6. Common XML vulnerabilities (sample of vulnerable code https://gist.github.com/hakre/2416846)

Every application has vulnerabilities, so XML parsers have some too. This is a list of well-known XML vulnerabilities that might occur in your application:

  • Billion laughs

This vulnerability is a DoS (Denial Of Service) aimed for the parsers of the XML. This vulnerability is also known as XML bomb or Entity Expansion XML bomb. It also might happen that this vulnerability pass the validation of the XML schema. Consider the following tag:

<!ENTITY entityName “Some Value”>

Code 7: DTD tag

Now consider the following vulnerable code (the code is taken from http://cytinus.wordpress.com/2011/07/26/37/):

Figure 2: Billion laughs vulnerable code

As you can see, we have 10 “lols”. So what is happening here? At the end, we have instance of “lol9”. When the &lol9; is parsed the entity lol9 will be called which has 10 “lol8” instances. The lol8 has 10 “lol7” instances and so on. At the end you may assume that there will be a lot of “lol” (100,000,000 instances = billion). The billion lol’s might cause DoS (Denial of Service). That’s why it is called the Billion Laughs Vulnerability. For more information about the vulnerability, check the link http://cytinus.wordpress.com/2011/07/26/37/.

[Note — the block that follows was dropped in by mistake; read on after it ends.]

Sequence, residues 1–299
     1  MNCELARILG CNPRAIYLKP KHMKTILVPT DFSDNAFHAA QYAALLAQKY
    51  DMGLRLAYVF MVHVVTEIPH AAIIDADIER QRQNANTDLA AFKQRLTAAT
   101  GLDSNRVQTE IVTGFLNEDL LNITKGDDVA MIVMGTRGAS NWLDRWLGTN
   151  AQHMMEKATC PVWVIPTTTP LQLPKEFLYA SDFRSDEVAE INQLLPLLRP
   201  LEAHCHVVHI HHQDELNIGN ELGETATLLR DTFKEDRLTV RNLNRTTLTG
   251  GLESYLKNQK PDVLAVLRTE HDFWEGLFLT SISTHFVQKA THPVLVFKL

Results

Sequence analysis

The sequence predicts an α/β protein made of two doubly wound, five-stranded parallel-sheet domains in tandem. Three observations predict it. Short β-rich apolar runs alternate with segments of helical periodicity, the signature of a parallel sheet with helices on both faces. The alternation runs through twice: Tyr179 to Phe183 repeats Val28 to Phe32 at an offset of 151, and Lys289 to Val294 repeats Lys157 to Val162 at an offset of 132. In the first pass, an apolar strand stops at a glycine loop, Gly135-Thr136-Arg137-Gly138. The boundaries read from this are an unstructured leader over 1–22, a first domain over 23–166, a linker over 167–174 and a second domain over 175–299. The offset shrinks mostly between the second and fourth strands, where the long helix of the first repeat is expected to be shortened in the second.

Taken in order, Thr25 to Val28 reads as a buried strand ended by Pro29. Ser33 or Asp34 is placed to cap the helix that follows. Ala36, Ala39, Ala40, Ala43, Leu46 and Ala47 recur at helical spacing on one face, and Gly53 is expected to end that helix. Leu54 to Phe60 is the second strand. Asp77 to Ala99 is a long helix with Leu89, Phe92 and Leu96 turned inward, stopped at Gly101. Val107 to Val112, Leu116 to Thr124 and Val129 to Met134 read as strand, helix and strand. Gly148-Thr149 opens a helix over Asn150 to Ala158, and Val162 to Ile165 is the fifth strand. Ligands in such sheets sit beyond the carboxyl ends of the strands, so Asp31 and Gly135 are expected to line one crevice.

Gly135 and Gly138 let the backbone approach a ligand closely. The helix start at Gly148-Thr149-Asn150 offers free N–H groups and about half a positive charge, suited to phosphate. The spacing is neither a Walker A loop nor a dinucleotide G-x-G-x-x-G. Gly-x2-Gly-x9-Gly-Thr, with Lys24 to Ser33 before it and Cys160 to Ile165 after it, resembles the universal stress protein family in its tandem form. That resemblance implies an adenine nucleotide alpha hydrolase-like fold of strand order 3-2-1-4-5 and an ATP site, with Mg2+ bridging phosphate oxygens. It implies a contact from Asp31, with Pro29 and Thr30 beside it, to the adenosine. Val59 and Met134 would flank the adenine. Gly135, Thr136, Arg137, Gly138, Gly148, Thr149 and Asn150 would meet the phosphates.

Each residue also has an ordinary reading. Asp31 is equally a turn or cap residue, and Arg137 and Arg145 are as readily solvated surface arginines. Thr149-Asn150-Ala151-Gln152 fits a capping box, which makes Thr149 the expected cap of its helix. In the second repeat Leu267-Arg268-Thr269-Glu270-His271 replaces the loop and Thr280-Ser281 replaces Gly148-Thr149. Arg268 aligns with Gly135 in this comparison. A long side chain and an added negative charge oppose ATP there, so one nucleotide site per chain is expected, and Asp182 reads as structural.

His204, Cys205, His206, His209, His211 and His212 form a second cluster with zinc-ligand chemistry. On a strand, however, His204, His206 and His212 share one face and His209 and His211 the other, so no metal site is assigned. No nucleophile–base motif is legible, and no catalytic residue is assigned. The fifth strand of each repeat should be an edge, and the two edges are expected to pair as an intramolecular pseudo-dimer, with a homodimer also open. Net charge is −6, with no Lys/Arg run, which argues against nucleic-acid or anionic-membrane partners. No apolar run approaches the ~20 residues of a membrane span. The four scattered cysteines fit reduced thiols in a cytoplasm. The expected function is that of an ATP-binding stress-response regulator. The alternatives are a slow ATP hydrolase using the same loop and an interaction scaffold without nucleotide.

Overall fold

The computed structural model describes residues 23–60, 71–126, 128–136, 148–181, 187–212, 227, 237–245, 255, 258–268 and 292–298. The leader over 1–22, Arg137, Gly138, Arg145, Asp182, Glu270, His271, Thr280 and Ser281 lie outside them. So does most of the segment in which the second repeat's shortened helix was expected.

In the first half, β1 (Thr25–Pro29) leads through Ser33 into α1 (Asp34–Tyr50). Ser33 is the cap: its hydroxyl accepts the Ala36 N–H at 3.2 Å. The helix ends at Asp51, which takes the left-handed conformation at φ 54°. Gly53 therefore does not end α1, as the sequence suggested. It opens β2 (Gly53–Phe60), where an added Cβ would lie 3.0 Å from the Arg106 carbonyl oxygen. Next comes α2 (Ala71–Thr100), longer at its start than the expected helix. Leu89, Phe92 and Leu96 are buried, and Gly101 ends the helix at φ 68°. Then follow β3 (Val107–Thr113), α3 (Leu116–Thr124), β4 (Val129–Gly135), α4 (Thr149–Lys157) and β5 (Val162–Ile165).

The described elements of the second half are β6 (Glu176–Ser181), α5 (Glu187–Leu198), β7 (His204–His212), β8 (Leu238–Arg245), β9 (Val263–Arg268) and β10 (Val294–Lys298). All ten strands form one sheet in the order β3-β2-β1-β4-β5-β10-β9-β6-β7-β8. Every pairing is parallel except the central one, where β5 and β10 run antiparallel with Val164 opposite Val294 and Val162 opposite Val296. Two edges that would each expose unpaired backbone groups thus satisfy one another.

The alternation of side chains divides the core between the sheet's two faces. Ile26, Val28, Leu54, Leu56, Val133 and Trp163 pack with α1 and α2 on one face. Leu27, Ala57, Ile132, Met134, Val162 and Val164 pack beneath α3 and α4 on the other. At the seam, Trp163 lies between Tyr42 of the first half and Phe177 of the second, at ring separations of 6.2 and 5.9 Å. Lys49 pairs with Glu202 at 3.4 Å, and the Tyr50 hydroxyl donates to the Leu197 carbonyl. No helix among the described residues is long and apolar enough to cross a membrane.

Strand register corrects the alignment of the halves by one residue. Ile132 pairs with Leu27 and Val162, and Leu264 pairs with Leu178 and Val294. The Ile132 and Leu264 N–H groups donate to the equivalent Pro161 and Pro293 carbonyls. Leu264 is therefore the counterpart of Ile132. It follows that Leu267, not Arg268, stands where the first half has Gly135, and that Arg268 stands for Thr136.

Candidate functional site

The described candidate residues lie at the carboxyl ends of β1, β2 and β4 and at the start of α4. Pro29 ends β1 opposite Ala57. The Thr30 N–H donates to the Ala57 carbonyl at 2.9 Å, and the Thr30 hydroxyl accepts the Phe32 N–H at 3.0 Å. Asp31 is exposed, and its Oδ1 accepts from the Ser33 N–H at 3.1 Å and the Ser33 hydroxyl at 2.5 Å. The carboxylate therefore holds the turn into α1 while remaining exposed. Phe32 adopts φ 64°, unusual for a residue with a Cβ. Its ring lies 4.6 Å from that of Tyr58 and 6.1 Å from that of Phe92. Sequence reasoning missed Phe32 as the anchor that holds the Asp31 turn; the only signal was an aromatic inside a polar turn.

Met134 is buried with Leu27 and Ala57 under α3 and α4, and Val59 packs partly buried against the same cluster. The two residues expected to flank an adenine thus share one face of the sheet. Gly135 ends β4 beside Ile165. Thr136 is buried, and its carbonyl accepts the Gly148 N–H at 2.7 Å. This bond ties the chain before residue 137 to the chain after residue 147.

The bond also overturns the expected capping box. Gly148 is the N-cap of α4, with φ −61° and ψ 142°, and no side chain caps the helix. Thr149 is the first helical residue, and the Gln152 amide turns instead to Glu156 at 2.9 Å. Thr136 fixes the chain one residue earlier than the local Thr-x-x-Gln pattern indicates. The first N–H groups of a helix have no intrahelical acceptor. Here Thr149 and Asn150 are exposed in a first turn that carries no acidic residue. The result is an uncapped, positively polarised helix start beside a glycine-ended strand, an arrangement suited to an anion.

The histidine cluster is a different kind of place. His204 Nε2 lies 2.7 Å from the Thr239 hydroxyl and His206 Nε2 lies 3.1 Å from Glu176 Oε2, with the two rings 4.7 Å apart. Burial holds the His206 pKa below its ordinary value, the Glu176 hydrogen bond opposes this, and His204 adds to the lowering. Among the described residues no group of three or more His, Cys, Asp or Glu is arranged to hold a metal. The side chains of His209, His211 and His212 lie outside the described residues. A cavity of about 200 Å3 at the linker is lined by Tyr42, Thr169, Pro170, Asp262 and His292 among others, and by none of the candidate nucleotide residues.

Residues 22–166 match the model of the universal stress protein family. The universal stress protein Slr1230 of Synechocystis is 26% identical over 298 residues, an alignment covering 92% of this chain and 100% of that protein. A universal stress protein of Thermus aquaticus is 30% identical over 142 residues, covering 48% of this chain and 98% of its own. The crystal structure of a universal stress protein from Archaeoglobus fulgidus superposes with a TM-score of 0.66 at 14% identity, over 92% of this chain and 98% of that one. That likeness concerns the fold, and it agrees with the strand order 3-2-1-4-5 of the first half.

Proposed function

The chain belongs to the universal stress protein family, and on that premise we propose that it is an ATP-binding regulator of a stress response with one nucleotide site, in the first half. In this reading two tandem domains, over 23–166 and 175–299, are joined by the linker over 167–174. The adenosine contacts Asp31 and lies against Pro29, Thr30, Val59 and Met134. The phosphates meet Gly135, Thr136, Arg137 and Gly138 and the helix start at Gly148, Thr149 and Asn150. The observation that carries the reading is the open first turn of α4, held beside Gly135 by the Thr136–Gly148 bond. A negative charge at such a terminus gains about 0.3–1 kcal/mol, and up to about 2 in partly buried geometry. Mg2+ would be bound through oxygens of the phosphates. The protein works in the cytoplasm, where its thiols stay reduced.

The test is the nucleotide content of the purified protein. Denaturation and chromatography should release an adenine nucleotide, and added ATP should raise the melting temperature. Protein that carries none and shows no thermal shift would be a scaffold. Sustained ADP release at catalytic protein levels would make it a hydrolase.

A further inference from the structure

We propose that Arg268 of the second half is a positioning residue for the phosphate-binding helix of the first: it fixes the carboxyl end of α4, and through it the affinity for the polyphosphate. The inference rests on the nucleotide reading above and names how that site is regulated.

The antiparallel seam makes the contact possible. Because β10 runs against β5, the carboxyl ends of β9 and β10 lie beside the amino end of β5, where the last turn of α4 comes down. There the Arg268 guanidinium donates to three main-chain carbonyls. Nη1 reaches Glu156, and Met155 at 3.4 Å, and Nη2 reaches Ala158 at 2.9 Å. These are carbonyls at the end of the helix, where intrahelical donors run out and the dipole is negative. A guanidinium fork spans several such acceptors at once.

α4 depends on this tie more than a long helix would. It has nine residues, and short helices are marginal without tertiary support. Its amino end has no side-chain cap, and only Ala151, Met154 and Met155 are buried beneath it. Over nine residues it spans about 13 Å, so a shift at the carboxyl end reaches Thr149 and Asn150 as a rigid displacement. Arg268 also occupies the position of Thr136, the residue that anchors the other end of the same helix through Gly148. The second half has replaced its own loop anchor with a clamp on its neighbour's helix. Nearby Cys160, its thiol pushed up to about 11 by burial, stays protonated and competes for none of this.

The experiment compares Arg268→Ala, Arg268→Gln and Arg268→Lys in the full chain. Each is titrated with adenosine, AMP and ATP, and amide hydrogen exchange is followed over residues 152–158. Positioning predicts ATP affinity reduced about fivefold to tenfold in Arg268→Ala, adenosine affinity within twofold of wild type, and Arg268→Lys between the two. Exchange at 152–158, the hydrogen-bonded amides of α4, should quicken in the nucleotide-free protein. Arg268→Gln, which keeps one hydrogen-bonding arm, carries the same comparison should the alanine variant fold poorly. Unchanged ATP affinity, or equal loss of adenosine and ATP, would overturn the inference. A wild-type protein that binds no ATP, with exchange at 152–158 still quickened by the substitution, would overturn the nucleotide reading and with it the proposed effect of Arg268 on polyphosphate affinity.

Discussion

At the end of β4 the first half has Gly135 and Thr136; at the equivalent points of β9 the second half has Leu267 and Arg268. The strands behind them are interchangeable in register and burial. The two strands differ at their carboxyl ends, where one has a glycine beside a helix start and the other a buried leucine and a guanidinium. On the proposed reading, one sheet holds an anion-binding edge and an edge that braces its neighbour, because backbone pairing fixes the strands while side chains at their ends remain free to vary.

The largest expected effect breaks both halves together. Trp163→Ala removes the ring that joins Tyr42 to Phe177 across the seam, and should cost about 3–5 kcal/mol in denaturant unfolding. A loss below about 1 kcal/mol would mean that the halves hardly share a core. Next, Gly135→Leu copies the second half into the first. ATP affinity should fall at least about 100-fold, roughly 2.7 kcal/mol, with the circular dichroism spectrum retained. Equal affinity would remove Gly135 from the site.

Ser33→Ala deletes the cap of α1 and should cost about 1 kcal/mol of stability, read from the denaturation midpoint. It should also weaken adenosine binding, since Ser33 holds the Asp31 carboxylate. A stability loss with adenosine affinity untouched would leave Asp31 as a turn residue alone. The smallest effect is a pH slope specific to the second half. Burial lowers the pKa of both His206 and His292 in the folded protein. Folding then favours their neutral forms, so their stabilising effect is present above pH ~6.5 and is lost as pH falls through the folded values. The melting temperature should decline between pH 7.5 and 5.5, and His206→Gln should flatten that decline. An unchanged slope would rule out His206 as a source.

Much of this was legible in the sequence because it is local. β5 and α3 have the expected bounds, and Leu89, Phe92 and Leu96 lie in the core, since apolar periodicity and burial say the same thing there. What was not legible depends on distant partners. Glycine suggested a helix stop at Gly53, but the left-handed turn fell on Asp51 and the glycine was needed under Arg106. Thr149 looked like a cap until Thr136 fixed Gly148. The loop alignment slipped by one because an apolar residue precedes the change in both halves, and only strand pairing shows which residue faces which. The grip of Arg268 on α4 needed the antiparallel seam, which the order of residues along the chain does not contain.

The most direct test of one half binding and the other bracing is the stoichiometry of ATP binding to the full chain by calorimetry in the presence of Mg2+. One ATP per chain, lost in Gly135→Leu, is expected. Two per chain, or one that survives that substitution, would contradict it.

• Quadratic blowup

Another Entity Expansion XML bomb is the quadratic blowup vulnerability discovered by Amin Klein of Trusteer. The “kaboom” entity has 50,000 “a” represented as “&a;” When parsed, the size of it changes, from 200KB to 2.5gb, causing DoS. Still the billion laughs create much bigger size when parsing compared to quadratic blowup.

<?xml version="1.0"?>
<!DOCTYPE kaboom [
  <!ENTITY a "aaaaaaaaaaaaaa.....

Code 7. Quadratic blowup

  • DTD retrieval

Also with entity declaration, you can have an URL link for replacement (for definition of replacement see previous vulnerability). When using the System identifiers you can download the content from external location and embed it in you XML file.

<!DOCTYPE external [